|Tolkien: And before he could leap up and grasp her she sped across the glade (for they abode in a wild dwelling nigh to the glade spoken to him by the Blue Forest Woman) like a shivering ray of light in the dawn light scarce seeming to touch the green dewy grass till she came to the triple fall and cast her over it down its silver column to the ugly depths even as Kullervo came up with her and her last wail he heard and stood heavy bent on the brink as a lump of rock till the sun rose and thereat the grass grew green, birds sang and the flowers opened and midday passed and all things seemed happy: and Kullervo cursed them, for he loved her.|
Now, first of all, no English translation is ever going to capture the Finnish metre and alliteration (heavily copied by Henry Wadsworth Longfellow for Hiawatha); even if you don't know a word of the language, you can look at the extract above and see the repeated initial s, k, r, j, k, p, s, k, t, a in each line. The Finnish relies a lot also on repeated vocabulary, which looks very weird in most other languages (so most transltors try to find ways around it).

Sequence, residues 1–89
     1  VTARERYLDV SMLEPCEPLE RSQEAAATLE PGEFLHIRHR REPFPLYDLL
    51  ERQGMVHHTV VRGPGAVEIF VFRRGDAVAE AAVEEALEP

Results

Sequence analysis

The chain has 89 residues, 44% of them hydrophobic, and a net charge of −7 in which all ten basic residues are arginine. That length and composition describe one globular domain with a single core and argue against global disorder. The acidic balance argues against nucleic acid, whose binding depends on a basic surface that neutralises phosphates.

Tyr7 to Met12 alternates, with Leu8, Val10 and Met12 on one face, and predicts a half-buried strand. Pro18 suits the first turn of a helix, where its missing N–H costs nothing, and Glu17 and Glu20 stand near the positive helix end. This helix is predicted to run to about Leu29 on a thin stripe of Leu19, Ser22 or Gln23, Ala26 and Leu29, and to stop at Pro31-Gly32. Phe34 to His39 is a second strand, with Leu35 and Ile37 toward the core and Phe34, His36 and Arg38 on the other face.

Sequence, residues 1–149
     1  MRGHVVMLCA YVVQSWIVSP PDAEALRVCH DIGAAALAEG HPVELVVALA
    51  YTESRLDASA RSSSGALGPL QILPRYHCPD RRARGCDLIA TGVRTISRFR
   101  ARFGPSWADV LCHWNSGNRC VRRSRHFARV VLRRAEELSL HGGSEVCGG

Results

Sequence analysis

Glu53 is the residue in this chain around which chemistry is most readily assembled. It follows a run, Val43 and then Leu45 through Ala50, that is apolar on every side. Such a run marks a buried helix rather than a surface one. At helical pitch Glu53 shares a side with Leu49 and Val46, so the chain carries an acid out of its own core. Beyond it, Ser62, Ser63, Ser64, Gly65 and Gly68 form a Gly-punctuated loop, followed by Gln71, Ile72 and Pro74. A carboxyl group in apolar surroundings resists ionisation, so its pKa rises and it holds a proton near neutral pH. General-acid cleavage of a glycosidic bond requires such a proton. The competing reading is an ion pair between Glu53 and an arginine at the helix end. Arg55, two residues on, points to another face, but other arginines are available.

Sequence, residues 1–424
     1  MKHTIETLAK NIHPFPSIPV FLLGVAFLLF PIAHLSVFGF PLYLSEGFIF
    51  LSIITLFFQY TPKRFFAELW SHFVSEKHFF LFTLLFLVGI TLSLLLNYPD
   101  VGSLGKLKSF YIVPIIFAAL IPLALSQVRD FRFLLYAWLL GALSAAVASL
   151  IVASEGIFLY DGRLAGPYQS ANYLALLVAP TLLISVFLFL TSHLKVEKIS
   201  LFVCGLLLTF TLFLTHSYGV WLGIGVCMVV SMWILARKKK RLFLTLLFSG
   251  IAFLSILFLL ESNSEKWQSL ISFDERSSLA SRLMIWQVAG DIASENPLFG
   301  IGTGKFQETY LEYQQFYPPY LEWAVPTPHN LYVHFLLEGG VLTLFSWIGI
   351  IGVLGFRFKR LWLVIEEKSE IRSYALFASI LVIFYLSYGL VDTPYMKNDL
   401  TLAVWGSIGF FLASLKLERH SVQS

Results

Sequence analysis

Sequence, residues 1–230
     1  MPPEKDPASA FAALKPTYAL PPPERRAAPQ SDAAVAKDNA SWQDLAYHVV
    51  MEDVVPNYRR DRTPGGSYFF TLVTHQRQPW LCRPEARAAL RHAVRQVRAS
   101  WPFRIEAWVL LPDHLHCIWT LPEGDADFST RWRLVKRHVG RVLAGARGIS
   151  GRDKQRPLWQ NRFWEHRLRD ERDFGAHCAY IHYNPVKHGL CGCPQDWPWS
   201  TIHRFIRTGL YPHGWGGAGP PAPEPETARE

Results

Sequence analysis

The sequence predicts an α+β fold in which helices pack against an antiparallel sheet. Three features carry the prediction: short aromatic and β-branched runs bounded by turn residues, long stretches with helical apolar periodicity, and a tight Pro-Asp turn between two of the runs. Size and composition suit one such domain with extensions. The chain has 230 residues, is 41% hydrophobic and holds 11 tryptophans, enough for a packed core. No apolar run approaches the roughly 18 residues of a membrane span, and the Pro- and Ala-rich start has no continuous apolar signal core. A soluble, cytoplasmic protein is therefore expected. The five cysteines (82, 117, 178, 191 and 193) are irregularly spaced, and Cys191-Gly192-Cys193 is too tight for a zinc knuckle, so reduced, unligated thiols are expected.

Tolkien's approach was not to even try, but to change the game. His Kullervo and his sister have had an ongoing relationship (sponsored by the Blue Forest Woman, who is an invention of Tolkien's not found in the Kalevala) rather than the brief encounter in the original (which features also two other women who successfully spurn Kullervo's advances). His description of the scene is far more detailed and naturalistic than the stark skeletal Finnish original, told in a stream of expression reminiscent of Woolf or Joyce (though he could hardly have read either in 1912). Also it has to be said that Tolkien's description of the scene centres more on Kullervo's perceptions than his sister's emotions.